The following is a guest post by Mike Gajeski. You can find his game stream at Heythere Kupo, on YouTube

I was sitting there, grinding my teeth together as I died again and again.  Over and over my attempts to overcome adversity failed and a pit of spikes was the only reprieve my character could find.  “WHY CAN’T I USE THE DAMN D-PAD?” I found myself yelling.  I could tell my pleas were getting more animated as my cats started patting me on the shoulder as if they were saying, “It’s all good buddy you can make it.”  But I could hear the truth behind their mewing, “LOL GIT GUD NEWB.” 

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The game just didn’t explain what to do.  It trusted that the intelligence of the player would shine through and figure it out. But I had failed and brought shame upon my ancestors.

At least I could groove to some good music.  It was your usual synthwave 80s stylized jams but, it was fun and kept me focused on the challenges ahead for my character, the music pulsing through me, edging me onward. 

The controller leaves my hands and I put as much space between me and the computer as I can without getting out of my chair.  If I were a comic book character I’m sure a whoosh! would have appeared in Technicolor, blotting me out.

I thought back to the hour or so earlier when I first started up this game.  Oh, did I rejoice at the awesome wall jumping skills!  The art felt so animated and lively it was like the whole screen was moving.  The characters could cast spells that weren’t bewildering but still made me feel powerful as a player.  

How did I go from such good vibes to this?  Why would a game designer ramp up the difficulty so quickly? Was I really so oblivious to game tells that I couldn’t figure out how to get through this gauntlet of seed shooters without losing all my life?  

I stand up, pull my body in all directions to clean out any areas that may have gotten creaky or tense from gameplay, and sit back down to play more of this game.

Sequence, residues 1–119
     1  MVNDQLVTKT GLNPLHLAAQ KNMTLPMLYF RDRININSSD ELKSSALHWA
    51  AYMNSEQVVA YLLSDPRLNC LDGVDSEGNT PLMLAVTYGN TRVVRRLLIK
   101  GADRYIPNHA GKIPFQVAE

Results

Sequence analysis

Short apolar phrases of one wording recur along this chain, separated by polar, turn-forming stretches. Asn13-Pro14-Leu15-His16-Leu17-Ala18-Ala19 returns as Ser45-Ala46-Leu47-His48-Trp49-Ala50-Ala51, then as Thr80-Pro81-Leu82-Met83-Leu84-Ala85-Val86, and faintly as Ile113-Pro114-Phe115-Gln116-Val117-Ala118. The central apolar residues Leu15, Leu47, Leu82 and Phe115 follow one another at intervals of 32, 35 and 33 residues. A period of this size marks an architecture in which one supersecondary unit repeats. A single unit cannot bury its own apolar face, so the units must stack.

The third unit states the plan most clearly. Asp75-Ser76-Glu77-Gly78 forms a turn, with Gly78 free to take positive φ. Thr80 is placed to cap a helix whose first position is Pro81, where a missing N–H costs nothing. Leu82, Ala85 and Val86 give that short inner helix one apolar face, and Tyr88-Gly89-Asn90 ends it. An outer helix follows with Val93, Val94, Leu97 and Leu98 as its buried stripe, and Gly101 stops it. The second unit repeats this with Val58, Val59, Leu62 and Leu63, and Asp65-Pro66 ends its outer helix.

Was it worth it? Did I finally beat this stage and move on to something more productive game-wise? Yes. But I didn’t really FEEL the sense of victory because right after I got through the level, another one appeared, even more difficult. There was no reprieve, no solace for my weary fingers; only more danger and difficulty.  

You may be wondering at this point if you should even pick up Mystic Melee and as someone who normally plays turn based RPGs or turn based strategy games a puzzle platformer was a bit tricky for me.  

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I’m used to taking my time and almost neurotically overthinking my decisions so a game like this where you need agility and quick decision making threw me off.  I wish I could have gotten the multiplayer going as it seemed like a 36-bit version of Super Smash Bros.  If the game’s on a sale for a few sheckles then I say go for it. The art design is simple but beautiful and the learning curve keeps you right on the cusp of believing you’ll succeed next time, even as you fail again and again, but expect some tricky platforming without a god damn D-pad.  

Mystic Melee was developed by Hypothetical Games and is available on Steam for $14.99. If you enjoy platformers and punishment, it’s worth the price tag.

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Tags: Gameplay , Video Games , Review , Mystic Melee